The mistake one makes is that we picture a man on the line where only words exist. Men stop, somewhere down on a line. The words go on, endless on the endless line. If you stand beside the words and not behind them, you may see where they have been, and where they yearn to go; all the intentions and foretelling may become evident.

Today, we walk beside the words of a poet and writer whose intentions with words were always clear - Vijay Nambisan.

The Miracle of Pomegranates is the first poem in Vijay Nambisan’s collection called These Were my Homes. And considering the nature of the collection, it is also the first poem in his first collection Gemini I, that he co wrote with Jeet Thayil under the aegis of Dom Moraes.

In her introduction to These Were my Homes, Rukmini Bhaya Nair meditates on the prophetic nature of poets. She writes ‘… raising once again the unanswerable but always haunting question about the relationship between poetry and prophesy’. She notes how The Miracle of Pomegranates spoke of an August, way back in 1992. *

On August 10, 2015, Nambisan reviewed Harper Lee’s Go Set a Watchman, the debatable sequel to To Kill a Mockingbird; the title and subtitle read: This Bird Doesn’t Sing For me, Jean Louise Finch will remain a promising child who passed away young.

On August 10, 2017, Vijay Nambisan passed away. He was 54.

All the poets confirmed with their eulogies and obituaries that a promising talent passed away too soon. And only the poets, the writers spoke. Their secret now bare. The tree perhaps had grown too tall.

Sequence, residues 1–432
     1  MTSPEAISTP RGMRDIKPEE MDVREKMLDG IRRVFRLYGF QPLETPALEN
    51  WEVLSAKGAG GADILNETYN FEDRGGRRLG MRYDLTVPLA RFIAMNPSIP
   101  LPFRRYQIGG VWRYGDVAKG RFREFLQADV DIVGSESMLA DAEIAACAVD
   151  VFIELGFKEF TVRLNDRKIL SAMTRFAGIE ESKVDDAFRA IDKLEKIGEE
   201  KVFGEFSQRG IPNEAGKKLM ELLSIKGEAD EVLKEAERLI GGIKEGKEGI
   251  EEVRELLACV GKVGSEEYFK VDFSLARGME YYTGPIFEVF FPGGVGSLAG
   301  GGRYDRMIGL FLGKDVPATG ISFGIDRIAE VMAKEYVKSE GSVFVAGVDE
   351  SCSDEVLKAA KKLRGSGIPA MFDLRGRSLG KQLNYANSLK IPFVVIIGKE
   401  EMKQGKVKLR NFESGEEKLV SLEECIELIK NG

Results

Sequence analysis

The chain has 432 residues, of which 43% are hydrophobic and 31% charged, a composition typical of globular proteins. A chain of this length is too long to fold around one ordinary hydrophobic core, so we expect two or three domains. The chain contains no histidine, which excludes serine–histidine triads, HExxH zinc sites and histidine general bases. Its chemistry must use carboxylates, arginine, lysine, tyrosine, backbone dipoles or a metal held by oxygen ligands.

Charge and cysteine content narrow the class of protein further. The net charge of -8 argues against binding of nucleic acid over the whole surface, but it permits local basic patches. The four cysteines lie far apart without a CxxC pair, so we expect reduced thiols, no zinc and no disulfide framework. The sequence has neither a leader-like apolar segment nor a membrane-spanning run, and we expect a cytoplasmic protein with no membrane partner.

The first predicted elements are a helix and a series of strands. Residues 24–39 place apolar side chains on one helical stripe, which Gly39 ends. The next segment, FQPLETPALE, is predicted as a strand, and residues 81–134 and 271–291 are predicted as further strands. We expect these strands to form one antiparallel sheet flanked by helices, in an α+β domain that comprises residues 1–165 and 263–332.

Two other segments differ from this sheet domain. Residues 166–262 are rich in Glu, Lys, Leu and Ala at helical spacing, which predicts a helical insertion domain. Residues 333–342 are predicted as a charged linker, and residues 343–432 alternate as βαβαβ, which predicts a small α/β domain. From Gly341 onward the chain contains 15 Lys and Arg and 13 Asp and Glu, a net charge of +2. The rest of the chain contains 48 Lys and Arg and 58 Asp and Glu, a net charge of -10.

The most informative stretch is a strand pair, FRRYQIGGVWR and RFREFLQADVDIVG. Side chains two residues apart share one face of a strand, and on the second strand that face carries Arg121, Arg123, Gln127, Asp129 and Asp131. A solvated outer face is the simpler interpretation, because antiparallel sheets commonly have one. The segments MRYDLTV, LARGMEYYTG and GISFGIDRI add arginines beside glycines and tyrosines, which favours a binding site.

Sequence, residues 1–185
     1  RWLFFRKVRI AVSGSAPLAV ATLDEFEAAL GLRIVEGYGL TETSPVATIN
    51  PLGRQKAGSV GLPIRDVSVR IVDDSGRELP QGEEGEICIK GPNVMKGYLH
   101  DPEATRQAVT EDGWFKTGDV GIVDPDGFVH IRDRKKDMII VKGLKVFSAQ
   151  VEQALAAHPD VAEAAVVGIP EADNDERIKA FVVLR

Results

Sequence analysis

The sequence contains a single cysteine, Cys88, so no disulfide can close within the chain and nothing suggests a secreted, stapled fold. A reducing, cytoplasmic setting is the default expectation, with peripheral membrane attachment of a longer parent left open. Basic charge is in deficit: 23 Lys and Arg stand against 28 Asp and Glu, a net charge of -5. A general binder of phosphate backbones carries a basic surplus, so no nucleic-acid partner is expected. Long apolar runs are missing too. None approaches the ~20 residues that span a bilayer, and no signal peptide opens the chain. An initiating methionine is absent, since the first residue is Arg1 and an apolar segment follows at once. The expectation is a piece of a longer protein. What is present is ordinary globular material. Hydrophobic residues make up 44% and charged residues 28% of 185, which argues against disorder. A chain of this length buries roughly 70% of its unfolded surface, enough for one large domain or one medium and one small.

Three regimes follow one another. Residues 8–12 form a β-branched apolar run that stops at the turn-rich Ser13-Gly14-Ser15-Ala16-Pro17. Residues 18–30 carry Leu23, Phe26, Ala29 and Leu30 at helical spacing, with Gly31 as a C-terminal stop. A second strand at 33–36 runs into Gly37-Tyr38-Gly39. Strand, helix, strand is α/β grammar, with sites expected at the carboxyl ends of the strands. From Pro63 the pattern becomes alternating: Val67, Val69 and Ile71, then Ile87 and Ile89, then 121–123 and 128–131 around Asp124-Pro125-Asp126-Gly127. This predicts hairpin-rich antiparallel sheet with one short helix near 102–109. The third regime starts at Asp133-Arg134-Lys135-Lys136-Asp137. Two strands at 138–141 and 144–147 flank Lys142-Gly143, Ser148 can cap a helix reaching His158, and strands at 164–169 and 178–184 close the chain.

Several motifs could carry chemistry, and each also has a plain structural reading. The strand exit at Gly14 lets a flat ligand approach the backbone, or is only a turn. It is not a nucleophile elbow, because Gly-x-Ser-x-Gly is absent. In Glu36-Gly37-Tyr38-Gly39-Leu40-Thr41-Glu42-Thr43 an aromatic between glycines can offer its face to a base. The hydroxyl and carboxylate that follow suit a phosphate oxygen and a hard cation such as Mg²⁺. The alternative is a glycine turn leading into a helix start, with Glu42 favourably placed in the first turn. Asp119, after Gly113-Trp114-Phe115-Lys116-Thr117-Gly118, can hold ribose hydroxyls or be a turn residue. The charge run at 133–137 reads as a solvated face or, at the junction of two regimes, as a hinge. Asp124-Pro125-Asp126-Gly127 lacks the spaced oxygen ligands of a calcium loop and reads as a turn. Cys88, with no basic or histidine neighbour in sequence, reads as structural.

A stanza from one of Arvind Krishna Mehrotra’s poems ends an essay by Anjum Hasan. It is an essay she wrote in Nambisan’s memory - A Home Grown Page; the title derived from Mehrotra’s poem. In it she shares a side of Nambisan’s poetry -

Elsewhere, Vijay is the languishing poet, certain his gifts are not up to the mark, his tongue impoverished. ‘I grant myself a turn for scripts and signs and silly things/But O the bird of many hues within me never sings.’ 

The essay is evocative and moving.

If you haven’t read it before, I urge you to now. It is a befitting tribute to the genius and humanity of Nambisan.

Another lighter shade of Nambisan’s comes through in the wit in poems such as The Corporate Poet, Ill Met by Moonlight and Dirge. He wrote about poems and poets; roots and nature; religion, mythology, and even pop culture. But to me his poetry truly came alive in all its irony when he spoke of things and their capacity to diminish, to die. There is a virtue in facing mortality with words.

Smell of Things to Come**

A nose is a nose is a nose. Who knows

Those fibres of smell better than I? The scent